Hat, released in 1969, was Davy Graham’s third album for Decca. The mixture of blues, jazz and mainstream songwriting with a little classical thrown in continues the pattern set by his earlier work but it is a rather slight album. Only three tracks exceed three minutes and one can’t help but think that a modern day producer would have encouraged Davy to expand one or two of the pieces. If that would be a good thing I’ll leave for you to decide but it does sometimes feel as though he’s hurrying to get finished.
He opens with the first “mainstream” song, The Beatles’ ‘Getting Better’, and later we have two Paul Simon songs and one by Bob Dylan. ‘Down Along The Cove’ is stripped of its pedal steel and pared back to its 12-bar roots which is a clever way of approaching it. Second is ‘Lotus Blossom’, a song from 1930s popularised by Jimmy Witherspoon and given a hint of ‘Anji’, and then the first of two Willie Dixon songs, ‘I’m Ready’. Davy is accompanied on this album by Danny Thompson on double-bass and an unnamed percussionist and the arrangements seem to fit with the pace and energy of the performances.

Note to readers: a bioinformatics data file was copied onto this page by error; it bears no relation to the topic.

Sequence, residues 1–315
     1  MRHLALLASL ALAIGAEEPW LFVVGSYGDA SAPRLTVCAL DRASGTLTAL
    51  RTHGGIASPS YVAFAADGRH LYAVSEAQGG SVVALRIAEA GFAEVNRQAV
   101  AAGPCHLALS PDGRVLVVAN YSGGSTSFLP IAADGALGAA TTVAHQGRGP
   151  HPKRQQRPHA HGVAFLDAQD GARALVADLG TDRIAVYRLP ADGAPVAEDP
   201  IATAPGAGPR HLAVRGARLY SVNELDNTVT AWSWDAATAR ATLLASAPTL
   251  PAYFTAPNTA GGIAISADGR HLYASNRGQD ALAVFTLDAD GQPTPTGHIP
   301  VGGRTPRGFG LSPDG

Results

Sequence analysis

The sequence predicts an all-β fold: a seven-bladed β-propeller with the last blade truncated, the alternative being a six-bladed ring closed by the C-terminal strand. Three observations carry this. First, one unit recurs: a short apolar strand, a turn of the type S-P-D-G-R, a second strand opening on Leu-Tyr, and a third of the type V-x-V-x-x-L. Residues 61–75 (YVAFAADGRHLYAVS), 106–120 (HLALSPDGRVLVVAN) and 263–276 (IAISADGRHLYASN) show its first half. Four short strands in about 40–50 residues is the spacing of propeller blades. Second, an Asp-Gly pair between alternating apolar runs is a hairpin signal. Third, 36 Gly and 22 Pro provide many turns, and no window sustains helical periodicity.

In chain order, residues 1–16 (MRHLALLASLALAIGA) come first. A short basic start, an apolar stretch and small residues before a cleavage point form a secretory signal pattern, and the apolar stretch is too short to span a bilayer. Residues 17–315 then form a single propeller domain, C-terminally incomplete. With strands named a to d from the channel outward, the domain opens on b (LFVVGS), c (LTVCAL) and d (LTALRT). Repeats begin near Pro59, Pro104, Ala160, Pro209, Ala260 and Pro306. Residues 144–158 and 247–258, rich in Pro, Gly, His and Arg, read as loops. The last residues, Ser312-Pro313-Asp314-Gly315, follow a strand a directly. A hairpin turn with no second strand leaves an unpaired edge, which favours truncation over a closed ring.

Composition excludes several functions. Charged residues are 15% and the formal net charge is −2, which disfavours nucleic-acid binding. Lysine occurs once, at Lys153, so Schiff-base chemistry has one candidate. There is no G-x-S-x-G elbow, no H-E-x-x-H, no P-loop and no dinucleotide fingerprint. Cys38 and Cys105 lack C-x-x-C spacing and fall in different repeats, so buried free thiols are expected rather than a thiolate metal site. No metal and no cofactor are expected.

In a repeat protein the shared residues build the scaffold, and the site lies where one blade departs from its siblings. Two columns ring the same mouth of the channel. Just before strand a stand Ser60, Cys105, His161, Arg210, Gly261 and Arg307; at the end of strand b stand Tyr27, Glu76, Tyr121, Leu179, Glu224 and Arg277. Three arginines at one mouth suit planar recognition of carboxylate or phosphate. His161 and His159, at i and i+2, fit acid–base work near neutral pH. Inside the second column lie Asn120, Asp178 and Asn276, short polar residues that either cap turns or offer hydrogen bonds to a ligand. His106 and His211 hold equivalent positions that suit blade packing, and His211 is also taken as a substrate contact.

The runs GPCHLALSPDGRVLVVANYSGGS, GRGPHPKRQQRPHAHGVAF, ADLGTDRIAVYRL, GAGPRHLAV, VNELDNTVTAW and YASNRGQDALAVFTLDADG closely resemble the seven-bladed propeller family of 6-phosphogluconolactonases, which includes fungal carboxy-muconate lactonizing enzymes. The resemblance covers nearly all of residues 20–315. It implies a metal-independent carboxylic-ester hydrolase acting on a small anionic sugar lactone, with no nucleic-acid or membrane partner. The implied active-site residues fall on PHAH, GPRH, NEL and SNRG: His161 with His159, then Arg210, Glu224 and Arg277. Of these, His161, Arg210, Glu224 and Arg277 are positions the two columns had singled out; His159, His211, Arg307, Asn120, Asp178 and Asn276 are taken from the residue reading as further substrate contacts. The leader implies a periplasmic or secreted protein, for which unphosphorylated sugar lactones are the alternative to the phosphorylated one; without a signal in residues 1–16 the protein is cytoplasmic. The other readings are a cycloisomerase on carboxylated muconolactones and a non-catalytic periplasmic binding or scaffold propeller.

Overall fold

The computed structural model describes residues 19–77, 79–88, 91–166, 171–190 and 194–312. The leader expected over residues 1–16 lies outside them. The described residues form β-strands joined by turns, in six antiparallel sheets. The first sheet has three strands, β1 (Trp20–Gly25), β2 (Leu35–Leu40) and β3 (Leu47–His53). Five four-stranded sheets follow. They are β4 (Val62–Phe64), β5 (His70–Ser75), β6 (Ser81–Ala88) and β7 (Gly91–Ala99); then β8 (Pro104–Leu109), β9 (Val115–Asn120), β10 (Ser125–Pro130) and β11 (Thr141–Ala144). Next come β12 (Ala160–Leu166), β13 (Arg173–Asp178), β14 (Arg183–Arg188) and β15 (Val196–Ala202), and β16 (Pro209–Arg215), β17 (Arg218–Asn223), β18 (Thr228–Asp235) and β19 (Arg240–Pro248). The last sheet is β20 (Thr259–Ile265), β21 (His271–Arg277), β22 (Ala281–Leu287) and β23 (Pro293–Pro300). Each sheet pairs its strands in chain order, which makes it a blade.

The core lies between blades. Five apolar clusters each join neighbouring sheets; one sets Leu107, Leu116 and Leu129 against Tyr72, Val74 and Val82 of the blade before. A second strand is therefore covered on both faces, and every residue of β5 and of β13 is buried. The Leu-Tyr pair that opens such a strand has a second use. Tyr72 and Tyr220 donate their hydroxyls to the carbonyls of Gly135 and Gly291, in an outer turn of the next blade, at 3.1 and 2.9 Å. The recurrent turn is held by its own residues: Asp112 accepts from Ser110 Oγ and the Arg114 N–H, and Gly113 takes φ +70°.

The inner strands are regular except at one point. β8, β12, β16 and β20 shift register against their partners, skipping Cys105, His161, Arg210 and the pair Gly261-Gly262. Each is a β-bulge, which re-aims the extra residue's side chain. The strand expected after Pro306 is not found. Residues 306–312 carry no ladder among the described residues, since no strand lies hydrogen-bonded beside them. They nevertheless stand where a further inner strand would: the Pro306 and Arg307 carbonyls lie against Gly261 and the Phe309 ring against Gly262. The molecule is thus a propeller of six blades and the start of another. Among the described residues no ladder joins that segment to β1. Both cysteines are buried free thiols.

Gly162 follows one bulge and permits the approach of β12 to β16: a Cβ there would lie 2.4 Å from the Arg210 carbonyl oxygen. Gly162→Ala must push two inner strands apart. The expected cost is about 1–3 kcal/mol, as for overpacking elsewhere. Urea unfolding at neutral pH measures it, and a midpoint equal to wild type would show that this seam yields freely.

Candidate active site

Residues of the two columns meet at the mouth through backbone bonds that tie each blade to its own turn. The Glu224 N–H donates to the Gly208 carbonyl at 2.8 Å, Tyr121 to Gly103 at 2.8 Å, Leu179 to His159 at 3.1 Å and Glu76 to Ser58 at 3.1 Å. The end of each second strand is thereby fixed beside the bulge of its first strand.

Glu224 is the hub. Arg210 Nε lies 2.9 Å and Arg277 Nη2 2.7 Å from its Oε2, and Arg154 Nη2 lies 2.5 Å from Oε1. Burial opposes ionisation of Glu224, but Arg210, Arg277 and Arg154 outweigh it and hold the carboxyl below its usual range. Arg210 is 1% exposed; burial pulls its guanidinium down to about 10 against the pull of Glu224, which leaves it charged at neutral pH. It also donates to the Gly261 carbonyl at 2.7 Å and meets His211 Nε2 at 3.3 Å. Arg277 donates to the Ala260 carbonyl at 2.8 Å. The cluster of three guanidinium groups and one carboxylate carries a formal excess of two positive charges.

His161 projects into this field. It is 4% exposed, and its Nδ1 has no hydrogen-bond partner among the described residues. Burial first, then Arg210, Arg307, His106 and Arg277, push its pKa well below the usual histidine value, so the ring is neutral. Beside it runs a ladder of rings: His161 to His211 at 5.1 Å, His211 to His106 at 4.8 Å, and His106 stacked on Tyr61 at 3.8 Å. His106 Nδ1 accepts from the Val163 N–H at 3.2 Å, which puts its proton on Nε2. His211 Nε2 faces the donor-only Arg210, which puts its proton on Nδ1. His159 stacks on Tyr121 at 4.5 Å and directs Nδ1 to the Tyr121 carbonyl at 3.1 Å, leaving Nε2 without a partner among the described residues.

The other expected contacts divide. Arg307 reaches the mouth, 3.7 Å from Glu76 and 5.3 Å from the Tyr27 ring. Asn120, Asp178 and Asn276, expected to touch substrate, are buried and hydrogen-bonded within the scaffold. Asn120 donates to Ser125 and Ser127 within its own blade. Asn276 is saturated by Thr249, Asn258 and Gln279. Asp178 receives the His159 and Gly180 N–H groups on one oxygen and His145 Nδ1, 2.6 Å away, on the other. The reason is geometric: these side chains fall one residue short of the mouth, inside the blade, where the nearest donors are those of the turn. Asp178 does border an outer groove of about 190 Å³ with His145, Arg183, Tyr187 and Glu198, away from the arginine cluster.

Art Blakey’s ‘Buhaina Chant’ is the first of the jazz compositions played with a north African vibe and it’s followed, somewhat incongruously, by ‘Homeward Bound’. It’s a sentimental song of homesickness in Paul Simon’s hands but Davy races through it – actually it works quite well. The other Simon song is ‘I Am A Rock’. After the traditional ‘Love Is Pleasing’ Davy gives us a hornpipe by Purcell adapted from the harpsichord and after the Dylan song we have ‘Hoochie Coochie Man’ and a guitar composition by Stan Watson. And so he moves between styles and times with abandon – I enjoy the album but I wish Davy had stretched out on even one track to show what he could really do.
Hindsight is wonderful. Looking back to 1966 when Midnight Man, Davy Graham’s second Decca album, was originally released, its eclectic mix of material was fairly representative of the state of the music business in the UK from Jim Reeves and Frank Sinatra at one extreme to The Rolling Stones and The Kinks at the other. Come to think of it, Davy Graham was still somewhere out there.